My experience has been that with modern cold-tone papers, developer choice doesn't matter a whole lot. Ansco 130 does produce a subtly different tone, but its cost and the 3' dev time sent me back to Dektol. Having tried Amidol, 130, Ilford and Zone VI developers, Dektol is the best compromise. And I'll second Anscojohn's recommendation above.
I'm an Ethol LPD user too. I've a gallon of stock solution that I had mixed a year ago and it's still fine. It lasts and lasts and lasts.. You can dilute it working strength to make it either a cold or warm-tone, it's cheap. You can replenish it even. I like it.
That is really good advice! I've used the same paper developer for over a year now, and I have to say I learn every time. I do not plan on changing either.
It's my opinion that it's more how you use it than what you use. Any developer recommended will be fantastic.
Originally Posted by Anscojohn
I suggest you use Dektol to try your new paper. When you see what that looks like, then change developers. One variable at a time.
John, Mount Vernon, Virginia USA
"Often moments come looking for us". - Robert Frank
"Make good art!" - Neil Gaiman
"...the heart and mind are the true lens of the camera". - Yousuf Karsh
Dektol is to paper developers, as D-76 is to film developers. Sure there are differences in paper developers. If you look closely though, many of them are pretty much variations on the Dektol formula. I like the stuff, and haven't seen much of a good reason to switch. It can be tweaked with the addition of more water and maybe a little bit of restrainer to be a warm tone developer like Selectol. What's not to like? An Amidol or Glycin based developer will behave differently, but those are altogether different animals. If you want to try something different, make sure it really is or you won't notice if much or anything is substantially changed.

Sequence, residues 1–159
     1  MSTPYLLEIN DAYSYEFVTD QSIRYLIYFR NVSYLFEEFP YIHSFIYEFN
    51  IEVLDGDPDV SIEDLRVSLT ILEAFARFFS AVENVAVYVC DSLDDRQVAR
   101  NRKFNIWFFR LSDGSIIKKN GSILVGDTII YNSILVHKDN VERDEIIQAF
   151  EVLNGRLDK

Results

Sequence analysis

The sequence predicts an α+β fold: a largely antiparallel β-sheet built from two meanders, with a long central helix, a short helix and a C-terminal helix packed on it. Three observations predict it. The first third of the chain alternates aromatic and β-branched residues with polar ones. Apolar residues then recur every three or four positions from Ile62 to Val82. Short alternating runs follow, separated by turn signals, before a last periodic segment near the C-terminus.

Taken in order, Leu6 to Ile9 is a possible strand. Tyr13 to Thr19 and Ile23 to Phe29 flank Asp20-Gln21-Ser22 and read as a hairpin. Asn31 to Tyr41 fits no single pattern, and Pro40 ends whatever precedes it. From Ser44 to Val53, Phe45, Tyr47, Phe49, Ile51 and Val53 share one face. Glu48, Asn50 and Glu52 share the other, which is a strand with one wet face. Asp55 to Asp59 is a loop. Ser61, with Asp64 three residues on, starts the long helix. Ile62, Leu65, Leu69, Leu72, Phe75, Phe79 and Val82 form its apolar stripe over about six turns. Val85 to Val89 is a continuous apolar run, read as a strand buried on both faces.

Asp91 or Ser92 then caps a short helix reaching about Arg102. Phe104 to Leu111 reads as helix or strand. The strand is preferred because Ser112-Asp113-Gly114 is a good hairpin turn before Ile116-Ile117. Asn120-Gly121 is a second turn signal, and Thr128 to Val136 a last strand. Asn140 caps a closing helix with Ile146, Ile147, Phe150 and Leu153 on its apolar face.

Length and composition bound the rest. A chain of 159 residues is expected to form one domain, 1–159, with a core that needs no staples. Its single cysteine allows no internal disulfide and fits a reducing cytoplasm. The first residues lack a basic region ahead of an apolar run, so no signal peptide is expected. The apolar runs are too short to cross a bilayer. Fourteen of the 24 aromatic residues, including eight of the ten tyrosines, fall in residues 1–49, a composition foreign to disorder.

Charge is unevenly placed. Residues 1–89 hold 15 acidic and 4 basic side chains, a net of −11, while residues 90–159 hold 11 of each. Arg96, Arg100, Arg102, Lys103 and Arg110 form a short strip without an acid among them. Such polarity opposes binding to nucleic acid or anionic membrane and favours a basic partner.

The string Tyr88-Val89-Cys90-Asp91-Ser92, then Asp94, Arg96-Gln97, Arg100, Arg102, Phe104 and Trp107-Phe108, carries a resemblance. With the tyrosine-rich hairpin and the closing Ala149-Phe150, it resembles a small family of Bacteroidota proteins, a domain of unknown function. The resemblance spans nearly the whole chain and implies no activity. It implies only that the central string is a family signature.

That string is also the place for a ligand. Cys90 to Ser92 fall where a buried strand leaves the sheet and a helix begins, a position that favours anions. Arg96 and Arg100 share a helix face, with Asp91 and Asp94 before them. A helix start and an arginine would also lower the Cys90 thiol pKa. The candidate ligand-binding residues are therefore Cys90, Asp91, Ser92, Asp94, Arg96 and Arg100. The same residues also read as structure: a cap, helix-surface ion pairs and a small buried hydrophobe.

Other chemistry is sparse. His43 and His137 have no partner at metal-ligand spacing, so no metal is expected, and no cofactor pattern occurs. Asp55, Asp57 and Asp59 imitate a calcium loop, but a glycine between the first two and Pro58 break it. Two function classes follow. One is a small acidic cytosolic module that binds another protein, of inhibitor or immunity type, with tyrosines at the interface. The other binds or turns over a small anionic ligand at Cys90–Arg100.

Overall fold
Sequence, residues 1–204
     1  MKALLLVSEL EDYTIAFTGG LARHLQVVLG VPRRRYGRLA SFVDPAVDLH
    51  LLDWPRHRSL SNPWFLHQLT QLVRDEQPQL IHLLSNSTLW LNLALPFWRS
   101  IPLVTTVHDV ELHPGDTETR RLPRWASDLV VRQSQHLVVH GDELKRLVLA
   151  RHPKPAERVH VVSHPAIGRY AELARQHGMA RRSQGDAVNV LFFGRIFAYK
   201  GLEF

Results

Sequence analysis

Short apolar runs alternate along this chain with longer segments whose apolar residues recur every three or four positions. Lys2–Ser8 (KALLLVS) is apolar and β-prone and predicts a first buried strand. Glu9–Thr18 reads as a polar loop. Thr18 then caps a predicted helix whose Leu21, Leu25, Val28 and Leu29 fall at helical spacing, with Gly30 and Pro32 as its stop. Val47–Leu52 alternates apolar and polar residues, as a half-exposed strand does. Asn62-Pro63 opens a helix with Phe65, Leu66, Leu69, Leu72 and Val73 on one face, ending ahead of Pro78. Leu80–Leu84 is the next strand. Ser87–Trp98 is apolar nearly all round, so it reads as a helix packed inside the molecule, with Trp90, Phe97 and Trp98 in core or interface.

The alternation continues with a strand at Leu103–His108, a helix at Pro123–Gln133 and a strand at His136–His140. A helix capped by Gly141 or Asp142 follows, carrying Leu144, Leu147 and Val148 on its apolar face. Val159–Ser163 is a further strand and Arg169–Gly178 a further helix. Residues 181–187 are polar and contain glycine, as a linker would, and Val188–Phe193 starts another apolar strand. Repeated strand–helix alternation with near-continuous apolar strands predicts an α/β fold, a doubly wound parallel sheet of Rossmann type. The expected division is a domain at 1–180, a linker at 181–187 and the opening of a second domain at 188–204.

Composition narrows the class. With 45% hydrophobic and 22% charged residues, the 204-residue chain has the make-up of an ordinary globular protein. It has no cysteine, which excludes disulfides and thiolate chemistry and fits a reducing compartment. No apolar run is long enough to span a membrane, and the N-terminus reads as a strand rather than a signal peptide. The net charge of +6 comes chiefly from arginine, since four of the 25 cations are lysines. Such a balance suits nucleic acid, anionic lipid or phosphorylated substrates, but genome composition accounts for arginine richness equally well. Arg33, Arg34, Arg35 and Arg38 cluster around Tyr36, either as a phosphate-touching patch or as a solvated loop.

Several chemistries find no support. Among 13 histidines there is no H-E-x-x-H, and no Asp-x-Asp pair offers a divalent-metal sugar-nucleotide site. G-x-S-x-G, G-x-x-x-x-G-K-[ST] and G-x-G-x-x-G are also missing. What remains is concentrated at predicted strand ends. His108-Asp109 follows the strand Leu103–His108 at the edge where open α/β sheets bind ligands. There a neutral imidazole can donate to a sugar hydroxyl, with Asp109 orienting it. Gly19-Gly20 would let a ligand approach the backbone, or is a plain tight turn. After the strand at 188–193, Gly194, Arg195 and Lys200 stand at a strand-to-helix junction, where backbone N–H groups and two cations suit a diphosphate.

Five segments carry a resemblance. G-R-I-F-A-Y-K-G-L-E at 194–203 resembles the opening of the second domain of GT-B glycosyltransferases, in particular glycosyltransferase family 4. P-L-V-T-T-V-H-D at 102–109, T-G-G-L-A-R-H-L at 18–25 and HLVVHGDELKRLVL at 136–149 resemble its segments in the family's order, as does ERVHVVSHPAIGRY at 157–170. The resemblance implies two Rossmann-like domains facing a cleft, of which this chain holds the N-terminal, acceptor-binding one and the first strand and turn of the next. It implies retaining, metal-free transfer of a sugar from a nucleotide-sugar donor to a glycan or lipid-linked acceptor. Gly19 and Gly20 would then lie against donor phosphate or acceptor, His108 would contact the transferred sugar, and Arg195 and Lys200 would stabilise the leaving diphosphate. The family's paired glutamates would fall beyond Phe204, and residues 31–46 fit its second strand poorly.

I thought I'd let everyone who suggested that I'm going to order Dektol (and the new paper) which I'll play with first then try something like the Tektol. I'm attracted to the non metol ascorbic acid base under the apprehension that it might be less toxic to me and perhaps allow me to return to working without gloves in the future (I prefered to have a wet and a dry hand and quickly splash my fingers in a water tray after being briefly in fix or dev then touch a towel to dry) seems more natural and shouldn't be too hazardous without metol and hydroquinone)
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Here theory and practice meet, things don't work and I don't know why
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'perhaps allow me to return to working without gloves in the future'
Oh blimey. Please get the gloves back on. Why would anyone choose to dip or soak their fingers in any photographic solution? Not nice; fingers smell bad despite a quick rinse, can contaminate paper, (and of course skin), and all the things that are touched in the darkroom. Not for me.